Descriptors: chemiluminescence, implantation, macrophages, stress, chitosan, nonspecific immunostimulation, surgery, blood and lymphatics, transport and circulation, cell biology, immune system, chemical coordination and homeostasis, physiology , veterinary medicine, medical sciences, analytical method, blood and lymphatics, implantation, immunosuppressant method, macrophage , polymorphonuclear cell, surgical stress.

Kuhr, C.S., M. Yunusov, G. Sale, C. Loretz, and R. Storb (2007). Long-term tolerance to kidney allografts in a preclinical canine model. Transplantation 84(4): 545-7. ISSN: 0041-1337.
NAL Call Number: QP89.T73
Abstract: Durable immune tolerance supporting vascularized allotransplantation offers the possibility of extending graft survival and avoiding harmful complications of chronic immunosuppression. Immune tolerance to renal allografts was induced in a preclinical canine model through engraftment of donor hematopoietic cells using a combination of low-dose total body irradiation and a short course of immunosuppression. Subsequently, donor renal allografts were transplanted accompanied by bilateral native nephrectomies. With 5-year follow up, we found normal renal function in all recipients and no histological evidence of acute or chronic rejection. This tolerance does not extend universally to donor skin grafts, however, with two of four animals rejecting delayed donor skin grafts. Hematopoietic chimerism produces durable and robust immune tolerance to kidney allografts, although incomplete tolerance to donor skin grafting.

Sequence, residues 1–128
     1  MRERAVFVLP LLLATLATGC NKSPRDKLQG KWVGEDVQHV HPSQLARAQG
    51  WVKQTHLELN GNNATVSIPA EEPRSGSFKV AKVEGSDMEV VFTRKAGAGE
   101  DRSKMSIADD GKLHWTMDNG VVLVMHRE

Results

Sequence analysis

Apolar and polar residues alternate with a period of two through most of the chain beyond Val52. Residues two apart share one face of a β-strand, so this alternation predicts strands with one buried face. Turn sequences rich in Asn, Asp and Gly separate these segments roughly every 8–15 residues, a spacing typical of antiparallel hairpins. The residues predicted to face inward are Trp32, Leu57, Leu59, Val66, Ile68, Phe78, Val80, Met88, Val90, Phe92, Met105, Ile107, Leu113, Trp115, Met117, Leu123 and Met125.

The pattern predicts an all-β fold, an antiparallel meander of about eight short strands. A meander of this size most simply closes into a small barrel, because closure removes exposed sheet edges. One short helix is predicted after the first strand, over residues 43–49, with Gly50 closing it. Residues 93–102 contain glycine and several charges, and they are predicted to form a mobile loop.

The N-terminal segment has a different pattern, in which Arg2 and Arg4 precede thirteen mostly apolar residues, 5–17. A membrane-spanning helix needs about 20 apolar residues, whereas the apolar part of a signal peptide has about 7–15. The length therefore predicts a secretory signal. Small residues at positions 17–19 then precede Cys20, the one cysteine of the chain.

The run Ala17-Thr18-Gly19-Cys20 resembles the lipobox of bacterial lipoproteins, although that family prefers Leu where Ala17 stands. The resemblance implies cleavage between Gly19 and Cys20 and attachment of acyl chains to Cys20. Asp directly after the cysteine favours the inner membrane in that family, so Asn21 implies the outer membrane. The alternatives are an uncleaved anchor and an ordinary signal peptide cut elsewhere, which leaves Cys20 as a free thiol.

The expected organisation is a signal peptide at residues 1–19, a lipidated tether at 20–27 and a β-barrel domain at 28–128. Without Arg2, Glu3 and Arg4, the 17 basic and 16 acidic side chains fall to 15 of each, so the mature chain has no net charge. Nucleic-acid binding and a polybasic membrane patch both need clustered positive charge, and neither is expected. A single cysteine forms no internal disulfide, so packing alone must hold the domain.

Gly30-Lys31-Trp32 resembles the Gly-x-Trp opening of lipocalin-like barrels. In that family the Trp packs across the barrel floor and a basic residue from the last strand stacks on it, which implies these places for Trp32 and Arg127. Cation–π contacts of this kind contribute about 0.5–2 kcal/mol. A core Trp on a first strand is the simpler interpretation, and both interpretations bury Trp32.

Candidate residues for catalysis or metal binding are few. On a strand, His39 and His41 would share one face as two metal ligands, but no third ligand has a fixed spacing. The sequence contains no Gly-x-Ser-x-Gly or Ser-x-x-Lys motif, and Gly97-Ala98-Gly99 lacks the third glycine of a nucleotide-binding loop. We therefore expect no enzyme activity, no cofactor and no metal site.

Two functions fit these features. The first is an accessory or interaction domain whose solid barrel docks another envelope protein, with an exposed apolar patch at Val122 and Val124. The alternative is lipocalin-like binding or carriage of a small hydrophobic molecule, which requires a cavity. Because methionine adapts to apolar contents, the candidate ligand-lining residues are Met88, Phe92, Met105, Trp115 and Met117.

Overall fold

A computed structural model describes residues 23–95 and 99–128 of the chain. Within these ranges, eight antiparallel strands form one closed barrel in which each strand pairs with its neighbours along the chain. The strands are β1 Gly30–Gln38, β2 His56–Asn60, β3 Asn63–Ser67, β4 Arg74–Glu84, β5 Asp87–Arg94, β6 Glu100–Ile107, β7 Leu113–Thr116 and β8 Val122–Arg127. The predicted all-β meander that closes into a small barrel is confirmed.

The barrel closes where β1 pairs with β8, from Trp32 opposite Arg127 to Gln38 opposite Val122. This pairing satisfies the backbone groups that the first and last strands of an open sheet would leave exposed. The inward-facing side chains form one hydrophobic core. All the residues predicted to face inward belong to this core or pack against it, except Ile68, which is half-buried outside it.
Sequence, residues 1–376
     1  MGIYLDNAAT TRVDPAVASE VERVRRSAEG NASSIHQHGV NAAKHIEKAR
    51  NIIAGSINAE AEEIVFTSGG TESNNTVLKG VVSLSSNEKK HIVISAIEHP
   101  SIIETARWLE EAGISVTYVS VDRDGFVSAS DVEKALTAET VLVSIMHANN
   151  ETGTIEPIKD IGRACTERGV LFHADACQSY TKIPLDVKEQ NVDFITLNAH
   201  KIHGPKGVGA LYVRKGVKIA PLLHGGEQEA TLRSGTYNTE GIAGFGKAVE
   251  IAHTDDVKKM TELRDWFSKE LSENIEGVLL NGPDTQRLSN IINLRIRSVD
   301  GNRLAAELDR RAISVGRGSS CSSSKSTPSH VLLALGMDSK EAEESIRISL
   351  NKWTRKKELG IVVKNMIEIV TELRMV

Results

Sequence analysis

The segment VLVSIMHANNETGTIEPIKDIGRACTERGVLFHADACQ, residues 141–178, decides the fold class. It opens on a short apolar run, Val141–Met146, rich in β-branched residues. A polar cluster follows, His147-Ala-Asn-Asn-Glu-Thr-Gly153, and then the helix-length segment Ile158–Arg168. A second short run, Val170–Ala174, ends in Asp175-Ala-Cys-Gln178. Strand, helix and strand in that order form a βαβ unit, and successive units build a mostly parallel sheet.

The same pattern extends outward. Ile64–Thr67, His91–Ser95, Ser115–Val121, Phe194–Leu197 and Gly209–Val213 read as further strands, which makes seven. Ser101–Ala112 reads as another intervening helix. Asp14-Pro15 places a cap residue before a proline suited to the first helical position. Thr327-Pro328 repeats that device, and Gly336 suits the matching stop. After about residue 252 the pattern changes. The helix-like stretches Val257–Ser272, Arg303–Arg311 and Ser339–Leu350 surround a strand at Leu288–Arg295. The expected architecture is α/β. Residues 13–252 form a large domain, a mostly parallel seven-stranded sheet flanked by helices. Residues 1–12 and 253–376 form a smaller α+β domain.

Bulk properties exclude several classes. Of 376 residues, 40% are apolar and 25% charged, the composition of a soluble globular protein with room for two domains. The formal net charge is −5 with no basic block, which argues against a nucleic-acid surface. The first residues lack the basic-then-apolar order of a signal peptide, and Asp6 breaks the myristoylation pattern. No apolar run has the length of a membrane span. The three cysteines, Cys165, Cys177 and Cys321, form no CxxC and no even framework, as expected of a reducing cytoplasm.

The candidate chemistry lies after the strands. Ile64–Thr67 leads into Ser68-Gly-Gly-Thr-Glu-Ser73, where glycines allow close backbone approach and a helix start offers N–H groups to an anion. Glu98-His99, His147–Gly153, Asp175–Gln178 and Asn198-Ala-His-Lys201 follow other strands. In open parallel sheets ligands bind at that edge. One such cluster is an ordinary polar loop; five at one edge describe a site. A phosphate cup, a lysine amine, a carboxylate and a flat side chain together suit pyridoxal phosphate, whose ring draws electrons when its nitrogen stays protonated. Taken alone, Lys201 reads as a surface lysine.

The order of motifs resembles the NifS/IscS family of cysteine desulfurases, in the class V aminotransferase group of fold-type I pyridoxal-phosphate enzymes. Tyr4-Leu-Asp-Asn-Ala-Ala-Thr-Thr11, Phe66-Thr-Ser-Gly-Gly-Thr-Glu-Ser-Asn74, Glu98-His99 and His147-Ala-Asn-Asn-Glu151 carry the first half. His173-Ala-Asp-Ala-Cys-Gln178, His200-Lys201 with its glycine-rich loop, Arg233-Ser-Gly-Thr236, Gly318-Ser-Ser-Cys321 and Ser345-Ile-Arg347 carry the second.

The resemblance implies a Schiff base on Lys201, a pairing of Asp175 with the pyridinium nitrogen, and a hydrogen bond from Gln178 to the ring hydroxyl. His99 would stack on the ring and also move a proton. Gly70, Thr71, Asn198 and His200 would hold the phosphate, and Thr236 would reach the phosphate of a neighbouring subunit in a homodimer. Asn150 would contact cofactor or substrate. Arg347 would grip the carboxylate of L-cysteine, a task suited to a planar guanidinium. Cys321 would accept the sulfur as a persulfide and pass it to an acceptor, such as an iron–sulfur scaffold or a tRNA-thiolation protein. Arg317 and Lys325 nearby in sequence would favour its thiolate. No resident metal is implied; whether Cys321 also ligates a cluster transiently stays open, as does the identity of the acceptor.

Descriptors: graft survival immunology, kidney transplantation immunology, transplantation tolerance immunology, dogs, immune tolerance immunology, immunosuppression, kidney pathology, kidney physiology, kidney transplantation pathology, kidney transplantation physiology, models, animal, skin transplantation immunology, time factors.

Lesnikova, M., M.C. Jensen, A. Bukovsky, A. Nikitine, B. Thomasson, J. Morris, R.F. Storb, H.P. Kiem, R.A. Nash, and G.E. Georges (2003). Resistance to mycophenolate mofetil (mmf) after lentiviral transduction of canine t cells with a mutant impdh vector. Blood 102(11): 499B. ISSN: 0006-4971.
NAL Call Number: RB145.A1B57